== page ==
This article has been updated


‘Gain’ of supernumerary copies of the 8q24.21 chromosomal region has been shown to be common in many human cancers1,2,3,4,5,6,7,8,9,10,11,12,13 and is associated with poor prognosis7,10,14. The well-characterized myelocytomatosis (MYC) oncogene resides in the 8q24.21 region and is consistently co-gained with an adjacent ‘gene desert’ of approximately 2 megabases that contains the long non-coding RNA gene PVT1, the CCDC26 gene candidate and the GSDMC gene. Whether low copy-number gain of one or more of these genes drives neoplasia is not known. Here we use chromosome engineering in mice to show that a single extra copy of either the Myc gene or the region encompassing Pvt1, Ccdc26 and Gsdmc fails to advance cancer measurably, whereas a single supernumerary segment encompassing all four genes successfully promotes cancer. Gain of PVT1 long non-coding RNA expression was required for high MYC protein levels in 8q24-amplified human cancer cells. PVT1 RNA and MYC protein expression correlated in primary human tumours, and copy number of PVT1 was co-increased in more than 98% of MYC-copy-increase cancers. Ablation of PVT1 from MYC-driven colon cancer line HCT116 diminished its tumorigenic potency. As MYC protein has been refractory to small-molecule inhibition, the dependence of high MYC protein levels on PVT1 long non-coding RNA provides a much needed therapeutic target.

Access optionsAccess options

Rent or Buy article

Get time limited or full article access on ReadCube.


All prices are NET prices.

Change history

  • 06 August 2014

    Figure 2a, b, d scale bars were missing and have been added. Minor edits were made to the Fig. 2 legend.


  1. 1.

    , , & The 8q24 gene desert: an oasis of non-coding transcriptional activity. Front. Genet. 3, 69 (2012)

  2. 2.

    , , , & High-resolution analysis of copy number alterations and associated expression changes in ovarian tumors. BMC Med. Genomics 2, 21 (2009)

  3. 3.

    et al. Amplification of PVT1 contributes to the pathophysiology of ovarian and breast cancer. Clin. Cancer Res. 13, 5745–5755 (2007)

  4. 4.

    et al. High-resolution array comparative genomic hybridization of chromosome 8q: evaluation of putative progression markers for gastroesophageal junction adenocarcinomas. Cytogenet. Genome Res. 118, 130–137 (2007)

  5. 5.

    , , , & c-myc amplification is an independent prognostic factor in postmenopausal breast cancer. Int. J. Cancer 51, 687–691 (1992)

  6. 6.

    et al. Combined microarray analysis of small cell lung cancer reveals altered apoptotic balance and distinct expression signatures of MYC family gene amplification. Oncogene 25, 130–138 (2006)

  7. 7.

    et al. Clinical significance of alterations of chromosome 8 in high-grade, advanced, nonmetastatic prostate carcinoma. J. Natl Cancer Inst. 91, 1574–1580 (1999)

  8. 8.

    et al. Genomic profiling reveals alternative genetic pathways of prostate tumorigenesis. Cancer Res. 67, 8504–8510 (2007)

  9. 9.

    et al. Array comparative genomic hybridization analysis of colorectal cancer cell lines and primary carcinomas. Cancer Res. 64, 4817–4825 (2004)

  10. 10.

    et al. Low-level copy number changes of MYC genes have a prognostic impact in medulloblastoma. J. Neurooncol. 102, 25–33 (2011)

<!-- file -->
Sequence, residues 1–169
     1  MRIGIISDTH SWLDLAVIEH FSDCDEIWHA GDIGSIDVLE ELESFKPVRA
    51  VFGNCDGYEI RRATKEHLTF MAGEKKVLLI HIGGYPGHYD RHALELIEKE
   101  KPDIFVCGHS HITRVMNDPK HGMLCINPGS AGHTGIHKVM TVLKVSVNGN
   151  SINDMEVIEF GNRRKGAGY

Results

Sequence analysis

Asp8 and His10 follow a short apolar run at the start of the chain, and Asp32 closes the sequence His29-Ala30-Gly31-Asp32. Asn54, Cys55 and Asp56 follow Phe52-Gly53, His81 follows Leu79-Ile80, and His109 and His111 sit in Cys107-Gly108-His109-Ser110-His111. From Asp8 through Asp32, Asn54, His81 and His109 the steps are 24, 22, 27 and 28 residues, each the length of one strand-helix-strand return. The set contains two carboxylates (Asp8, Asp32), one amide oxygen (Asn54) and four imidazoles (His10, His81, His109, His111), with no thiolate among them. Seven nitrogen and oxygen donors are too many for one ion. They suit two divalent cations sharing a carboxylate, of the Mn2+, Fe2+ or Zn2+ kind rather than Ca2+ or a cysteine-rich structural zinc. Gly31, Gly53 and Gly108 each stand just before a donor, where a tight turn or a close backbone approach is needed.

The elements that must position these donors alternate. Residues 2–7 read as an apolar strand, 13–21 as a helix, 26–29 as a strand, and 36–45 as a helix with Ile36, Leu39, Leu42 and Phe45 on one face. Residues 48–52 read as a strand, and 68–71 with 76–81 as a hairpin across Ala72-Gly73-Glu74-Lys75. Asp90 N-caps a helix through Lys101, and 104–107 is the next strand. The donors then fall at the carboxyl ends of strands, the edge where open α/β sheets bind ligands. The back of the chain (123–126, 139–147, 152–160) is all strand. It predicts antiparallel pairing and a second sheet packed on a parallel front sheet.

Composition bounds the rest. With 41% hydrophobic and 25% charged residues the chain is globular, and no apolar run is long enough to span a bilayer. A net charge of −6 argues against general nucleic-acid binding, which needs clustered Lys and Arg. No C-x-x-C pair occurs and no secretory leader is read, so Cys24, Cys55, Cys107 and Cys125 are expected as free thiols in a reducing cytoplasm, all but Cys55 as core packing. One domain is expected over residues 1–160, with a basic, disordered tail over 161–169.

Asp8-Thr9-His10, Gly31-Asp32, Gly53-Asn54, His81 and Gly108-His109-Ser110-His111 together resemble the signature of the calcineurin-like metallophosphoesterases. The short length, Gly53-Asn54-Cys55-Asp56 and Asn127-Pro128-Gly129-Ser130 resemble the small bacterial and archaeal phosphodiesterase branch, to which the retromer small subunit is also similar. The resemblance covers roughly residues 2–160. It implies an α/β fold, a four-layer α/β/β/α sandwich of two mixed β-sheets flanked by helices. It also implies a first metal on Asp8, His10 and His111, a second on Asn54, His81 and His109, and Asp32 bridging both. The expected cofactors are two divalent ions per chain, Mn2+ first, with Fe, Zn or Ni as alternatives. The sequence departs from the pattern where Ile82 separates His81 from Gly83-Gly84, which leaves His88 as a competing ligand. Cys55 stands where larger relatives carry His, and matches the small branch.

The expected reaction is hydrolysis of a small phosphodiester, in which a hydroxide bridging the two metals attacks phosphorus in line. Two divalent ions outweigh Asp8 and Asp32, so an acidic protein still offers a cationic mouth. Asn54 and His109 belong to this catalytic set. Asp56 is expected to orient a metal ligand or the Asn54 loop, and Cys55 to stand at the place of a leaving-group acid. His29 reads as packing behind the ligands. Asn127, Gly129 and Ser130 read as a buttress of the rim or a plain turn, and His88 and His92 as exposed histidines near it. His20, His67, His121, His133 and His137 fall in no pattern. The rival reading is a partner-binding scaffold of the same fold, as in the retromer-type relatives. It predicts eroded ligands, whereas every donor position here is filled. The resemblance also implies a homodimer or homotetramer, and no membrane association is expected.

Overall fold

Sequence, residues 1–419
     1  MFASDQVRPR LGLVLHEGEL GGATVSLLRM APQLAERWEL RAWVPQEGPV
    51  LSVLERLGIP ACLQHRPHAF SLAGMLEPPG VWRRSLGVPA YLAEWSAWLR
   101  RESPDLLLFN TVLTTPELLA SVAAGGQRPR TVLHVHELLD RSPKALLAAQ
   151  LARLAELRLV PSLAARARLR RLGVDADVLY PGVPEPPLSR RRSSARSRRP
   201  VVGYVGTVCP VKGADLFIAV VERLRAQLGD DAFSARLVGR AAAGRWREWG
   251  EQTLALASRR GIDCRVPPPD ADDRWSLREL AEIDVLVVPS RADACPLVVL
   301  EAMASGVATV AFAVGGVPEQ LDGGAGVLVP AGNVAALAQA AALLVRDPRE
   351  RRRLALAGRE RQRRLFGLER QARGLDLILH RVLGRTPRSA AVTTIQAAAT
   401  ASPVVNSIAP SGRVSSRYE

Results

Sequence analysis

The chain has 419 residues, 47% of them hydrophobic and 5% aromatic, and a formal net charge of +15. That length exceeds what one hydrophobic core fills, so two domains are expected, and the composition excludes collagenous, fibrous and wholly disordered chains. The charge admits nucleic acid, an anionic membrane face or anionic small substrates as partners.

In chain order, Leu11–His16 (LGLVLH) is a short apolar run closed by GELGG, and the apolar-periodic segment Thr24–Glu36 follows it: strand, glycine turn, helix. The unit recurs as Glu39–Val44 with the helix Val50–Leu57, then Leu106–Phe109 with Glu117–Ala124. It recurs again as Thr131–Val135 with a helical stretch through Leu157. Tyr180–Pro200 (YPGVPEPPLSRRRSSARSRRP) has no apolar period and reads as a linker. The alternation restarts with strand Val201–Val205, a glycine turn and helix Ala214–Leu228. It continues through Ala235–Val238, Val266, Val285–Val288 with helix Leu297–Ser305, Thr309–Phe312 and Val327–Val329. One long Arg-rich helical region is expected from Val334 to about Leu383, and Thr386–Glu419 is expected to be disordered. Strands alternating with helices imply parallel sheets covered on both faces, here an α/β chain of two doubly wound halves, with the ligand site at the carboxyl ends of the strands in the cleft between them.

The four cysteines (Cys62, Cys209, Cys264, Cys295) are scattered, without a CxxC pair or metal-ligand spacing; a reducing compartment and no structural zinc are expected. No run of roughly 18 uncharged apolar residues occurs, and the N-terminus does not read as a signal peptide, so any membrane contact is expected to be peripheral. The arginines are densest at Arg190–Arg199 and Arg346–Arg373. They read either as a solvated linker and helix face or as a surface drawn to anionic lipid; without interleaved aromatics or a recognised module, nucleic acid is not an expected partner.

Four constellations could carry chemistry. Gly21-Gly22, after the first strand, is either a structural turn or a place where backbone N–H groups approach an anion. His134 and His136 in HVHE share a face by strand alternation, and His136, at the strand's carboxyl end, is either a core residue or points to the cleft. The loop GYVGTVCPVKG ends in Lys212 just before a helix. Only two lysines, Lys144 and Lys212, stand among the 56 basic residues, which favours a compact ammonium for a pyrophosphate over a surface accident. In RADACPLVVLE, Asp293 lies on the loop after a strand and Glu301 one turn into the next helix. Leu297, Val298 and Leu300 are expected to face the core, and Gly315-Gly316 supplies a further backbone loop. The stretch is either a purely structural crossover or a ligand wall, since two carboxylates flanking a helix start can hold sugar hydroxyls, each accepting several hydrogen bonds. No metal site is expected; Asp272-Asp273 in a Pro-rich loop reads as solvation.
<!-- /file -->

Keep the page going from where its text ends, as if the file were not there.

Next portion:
11. 11.

    et al. Frequent chromosome 8q gains in human small cell lung carcinoma detected by arbitrarily primed-PCR genomic fingerprinting. Cancer Genet. Cytogenet. 120, 11–17 (2000)

  12. 12.

    , , & Recurring chromosomal abnormalities in leukemia in PML-RARA transgenic mice parallel human acute promyelocytic leukemia. Blood 99, 2985–2991 (2002)

  13. 13.

    et al. Genomic and transcriptional aberrations linked to breast cancer pathophysiologies. Cancer Cell 10, 529–541 (2006)

  14. 14.

    et al. Quantitative analysis of chromosomal CGH in human breast tumors associates copy number abnormalities with p53 status and patient survival. Proc. Natl Acad. Sci. USA 98, 7952–7957 (2001)

  15. 15.

    , & Chromosome engineering in mice. Nature 378, 720–724 (1995)

  16. 16.

    et al. Prognostic relevance of gene amplifications and coamplifications in breast cancer. Cancer Res. 64, 8534–8540 (2004)

  17. 17.

    , , , & c-myc amplification is associated with HER2 amplification and closely linked with cell proliferation in tissue microarray of nonselected breast cancers. Hum. Pathol. 36, 634–639 (2005)

  18. 18.

    et al. Expression of the neu protooncogene in the mammary epithelium of transgenic mice induces metastatic disease. Proc. Natl Acad. Sci. USA 89, 10578–10582 (1992)

  19. 19.

    et al. Estrogen receptors α and β in the rodent mammary gland. Proc. Natl Acad. Sci. USA 97, 337–342 (2000)

  20. 20.

    et al. The PVT-1 oncogene is a Myc protein target that is overexpressed in transformed cells. J. Cell. Physiol. 213, 511–518 (2007)

  21. 21.

    et al. RNA-Seq of human neurons derived from iPS cells reveals candidate long non-coding RNAs involved in neurogenesis and neuropsychiatric disorders. PLoS ONE 6, e23356 (2011)

  22. 22.

    et al. Mechanistic insight into Myc stabilization in breast cancer involving aberrant Axin1 expression. Proc. Natl Acad. Sci. USA 109, 2790–2795 (2012)

  23. 23.

    et al. A signalling pathway controlling c-Myc degradation that impacts oncogenic transformation of human cells. Nature Cell Biol. 6, 308–318 (2004)

  24. 24.

    et al. Phosphorylation regulates c-Myc’s oncogenic activity in the mammary gland. Cancer Res. 71, 925–936 (2011)

  25. 25.